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Phyllis Koestenbaum


I often, nearly, follow in my brother Byron's footsteps so when I am in high
school I get hay fever almost as bad as his, like my IQ, 7 points lower. Uncle
Joe wheezes from hay fever and my mother and father say hay fever can become
asthma so Byron gets shots and, following his cure, I get shots. My parents
like to get something for nothing so I go to Dr. Sherman, the Abraham Lincoln
High School doctor, his office the front part of his residence, in Bensonhurst,
where Abe Rothenberg, my Lincoln Log 4th page co-editor, cross-eyed like me,
has moved. My father takes me to be tested and Dr. Sherman is astonished at
the size of the swellings on my back from the scratches of ragweed and goldenrod,
beautiful weeds that flourish even in Brooklyn. I saw Van Johnson at Grand Gentral
Station. Blond Dr. Sherman reminds me of red-haired Van Johnson. After seeing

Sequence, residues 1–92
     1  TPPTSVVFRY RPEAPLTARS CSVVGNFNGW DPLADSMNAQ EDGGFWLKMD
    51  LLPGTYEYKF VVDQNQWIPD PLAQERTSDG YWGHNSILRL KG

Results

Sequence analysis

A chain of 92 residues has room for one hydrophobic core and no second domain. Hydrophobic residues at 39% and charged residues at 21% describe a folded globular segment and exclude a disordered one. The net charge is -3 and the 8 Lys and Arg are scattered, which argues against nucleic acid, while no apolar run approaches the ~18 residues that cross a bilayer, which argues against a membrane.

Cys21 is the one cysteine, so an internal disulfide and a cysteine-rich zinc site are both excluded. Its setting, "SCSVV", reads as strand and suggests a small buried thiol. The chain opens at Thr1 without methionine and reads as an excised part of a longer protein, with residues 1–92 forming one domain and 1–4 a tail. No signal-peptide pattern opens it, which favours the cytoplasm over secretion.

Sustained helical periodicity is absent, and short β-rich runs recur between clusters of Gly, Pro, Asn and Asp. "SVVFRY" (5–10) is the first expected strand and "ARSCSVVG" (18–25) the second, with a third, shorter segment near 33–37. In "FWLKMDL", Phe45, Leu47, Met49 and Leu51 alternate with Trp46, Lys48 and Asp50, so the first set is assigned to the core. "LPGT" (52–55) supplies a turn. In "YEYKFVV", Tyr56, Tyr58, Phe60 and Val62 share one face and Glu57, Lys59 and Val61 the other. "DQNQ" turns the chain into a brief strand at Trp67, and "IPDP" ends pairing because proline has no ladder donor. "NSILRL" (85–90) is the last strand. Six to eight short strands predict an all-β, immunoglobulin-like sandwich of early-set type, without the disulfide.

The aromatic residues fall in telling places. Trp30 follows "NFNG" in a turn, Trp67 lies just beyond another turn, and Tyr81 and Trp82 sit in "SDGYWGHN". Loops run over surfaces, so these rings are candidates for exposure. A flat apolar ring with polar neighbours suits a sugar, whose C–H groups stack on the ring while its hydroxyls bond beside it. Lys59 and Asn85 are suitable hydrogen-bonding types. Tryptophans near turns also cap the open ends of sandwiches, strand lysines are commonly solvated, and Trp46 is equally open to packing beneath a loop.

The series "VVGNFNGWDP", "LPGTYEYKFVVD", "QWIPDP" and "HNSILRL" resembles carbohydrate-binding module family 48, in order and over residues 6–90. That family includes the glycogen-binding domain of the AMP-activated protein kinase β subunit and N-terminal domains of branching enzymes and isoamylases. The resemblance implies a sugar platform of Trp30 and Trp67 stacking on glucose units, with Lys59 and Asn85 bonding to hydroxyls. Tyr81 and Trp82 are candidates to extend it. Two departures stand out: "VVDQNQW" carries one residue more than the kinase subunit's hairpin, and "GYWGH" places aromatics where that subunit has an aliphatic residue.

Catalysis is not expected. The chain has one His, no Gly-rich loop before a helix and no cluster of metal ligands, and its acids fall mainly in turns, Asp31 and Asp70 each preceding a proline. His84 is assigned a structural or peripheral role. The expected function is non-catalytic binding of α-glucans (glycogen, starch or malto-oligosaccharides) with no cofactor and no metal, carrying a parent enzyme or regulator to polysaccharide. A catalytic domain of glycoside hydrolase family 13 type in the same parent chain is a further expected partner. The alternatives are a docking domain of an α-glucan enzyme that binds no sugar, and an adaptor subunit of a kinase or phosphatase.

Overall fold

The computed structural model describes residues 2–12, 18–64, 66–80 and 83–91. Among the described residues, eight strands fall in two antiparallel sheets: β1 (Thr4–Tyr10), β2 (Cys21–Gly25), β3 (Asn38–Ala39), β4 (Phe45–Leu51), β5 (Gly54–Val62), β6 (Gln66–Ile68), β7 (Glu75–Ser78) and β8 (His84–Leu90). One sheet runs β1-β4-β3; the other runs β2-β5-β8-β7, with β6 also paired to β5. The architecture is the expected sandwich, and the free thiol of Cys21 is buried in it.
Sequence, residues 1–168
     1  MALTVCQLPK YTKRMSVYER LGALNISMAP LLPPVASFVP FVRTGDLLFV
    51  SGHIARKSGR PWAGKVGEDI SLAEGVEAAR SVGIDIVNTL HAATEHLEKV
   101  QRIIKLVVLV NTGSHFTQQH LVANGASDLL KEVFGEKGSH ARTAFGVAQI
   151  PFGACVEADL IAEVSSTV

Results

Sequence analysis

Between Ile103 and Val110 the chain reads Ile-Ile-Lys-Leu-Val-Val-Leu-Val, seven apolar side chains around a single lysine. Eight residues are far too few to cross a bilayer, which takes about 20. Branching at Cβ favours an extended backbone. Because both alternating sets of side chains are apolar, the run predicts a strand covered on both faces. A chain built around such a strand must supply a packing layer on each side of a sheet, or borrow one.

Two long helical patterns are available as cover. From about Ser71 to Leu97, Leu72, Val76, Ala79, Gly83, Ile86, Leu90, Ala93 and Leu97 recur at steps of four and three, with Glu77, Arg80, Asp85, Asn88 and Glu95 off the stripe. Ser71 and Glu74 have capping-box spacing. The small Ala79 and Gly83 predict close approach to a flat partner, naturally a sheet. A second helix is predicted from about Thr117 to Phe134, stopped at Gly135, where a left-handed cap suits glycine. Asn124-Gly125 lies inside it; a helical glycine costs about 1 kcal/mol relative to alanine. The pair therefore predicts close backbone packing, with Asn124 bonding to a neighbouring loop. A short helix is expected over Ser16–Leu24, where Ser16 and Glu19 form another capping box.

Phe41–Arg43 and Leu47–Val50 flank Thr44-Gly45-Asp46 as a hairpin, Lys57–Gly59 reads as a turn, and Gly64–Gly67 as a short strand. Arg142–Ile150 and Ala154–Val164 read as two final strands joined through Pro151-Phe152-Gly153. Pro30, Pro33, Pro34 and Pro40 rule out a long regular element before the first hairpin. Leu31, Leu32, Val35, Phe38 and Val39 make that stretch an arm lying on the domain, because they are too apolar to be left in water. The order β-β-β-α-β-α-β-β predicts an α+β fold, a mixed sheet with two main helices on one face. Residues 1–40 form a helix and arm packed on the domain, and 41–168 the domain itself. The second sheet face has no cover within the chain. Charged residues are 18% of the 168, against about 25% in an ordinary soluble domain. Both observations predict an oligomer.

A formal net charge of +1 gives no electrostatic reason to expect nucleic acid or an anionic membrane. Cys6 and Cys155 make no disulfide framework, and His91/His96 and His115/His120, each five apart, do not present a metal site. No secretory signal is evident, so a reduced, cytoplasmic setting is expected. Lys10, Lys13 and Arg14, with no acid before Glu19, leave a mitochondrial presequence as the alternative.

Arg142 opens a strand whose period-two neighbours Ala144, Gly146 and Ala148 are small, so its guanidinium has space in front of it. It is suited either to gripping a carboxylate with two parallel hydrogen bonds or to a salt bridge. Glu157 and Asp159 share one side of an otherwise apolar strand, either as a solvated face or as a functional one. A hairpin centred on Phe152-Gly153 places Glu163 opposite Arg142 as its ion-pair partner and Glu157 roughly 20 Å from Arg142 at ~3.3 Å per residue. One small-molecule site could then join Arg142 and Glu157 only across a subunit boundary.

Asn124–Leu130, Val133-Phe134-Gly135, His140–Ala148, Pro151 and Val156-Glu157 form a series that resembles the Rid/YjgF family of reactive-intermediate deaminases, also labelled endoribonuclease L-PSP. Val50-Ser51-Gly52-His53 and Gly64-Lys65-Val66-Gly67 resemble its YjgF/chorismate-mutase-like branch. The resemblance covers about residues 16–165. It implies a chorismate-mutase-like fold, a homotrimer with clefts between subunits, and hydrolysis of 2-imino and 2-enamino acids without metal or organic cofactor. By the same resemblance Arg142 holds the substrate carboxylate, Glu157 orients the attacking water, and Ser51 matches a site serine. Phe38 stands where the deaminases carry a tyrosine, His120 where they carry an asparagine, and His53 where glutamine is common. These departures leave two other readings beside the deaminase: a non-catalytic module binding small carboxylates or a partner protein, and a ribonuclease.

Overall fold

Charles Laughton in a movie with a stagecoach I developed a crush on corpulent
Charles Laughton - because he was corpulent. Uncle Morris, my father's brother,
has red hair. My mother calls him "chazar": pig. My father, thin in his
sepia courtship photos, has gained weight. I take the Kings Highway bus, thinking
ahead to Dr. Sherman's pushing up my sweater, rolling up the sleeves of my
long-sleeve blouse, swabbing my arm, carefully administering the shot. Maybe
Dr. Sherman thinks I am pretty. I am a junior in high school and I haven't had a
single date. My aunts, my mother's rude sisters, keep asking me if I'm going with
anyone. My mother, in the kitchen warming up pot roast, feels the skin around my
hot, swollen upper arm and gasps a little, her gasp for possibility of serious,
maybe fatal, disease. She says to set the table - I'm not hungry but it's 6, we eat
supper at 6. Friday nights she and my father go to the movies, usually the Avalon
on Kings Highway, on the left-hand side of the street, two blocks past Ocean
Avenue, or the Kingsway, at the corner of Kings Highway and Coney Island
Avenue. I prefer the Elm on Avenue M, where I can sit in a side row by myself
eating a Chunky bar or jujubes, entering the black and white dramas with no
resemblance to my life, free of my circumstances for three hours. On Avenue
M, where we take the BMT local, there used to be a movie studio with MGM -
I could be imagining this - on a sign on the fence surrounding the block-long
weedy vacant lot.

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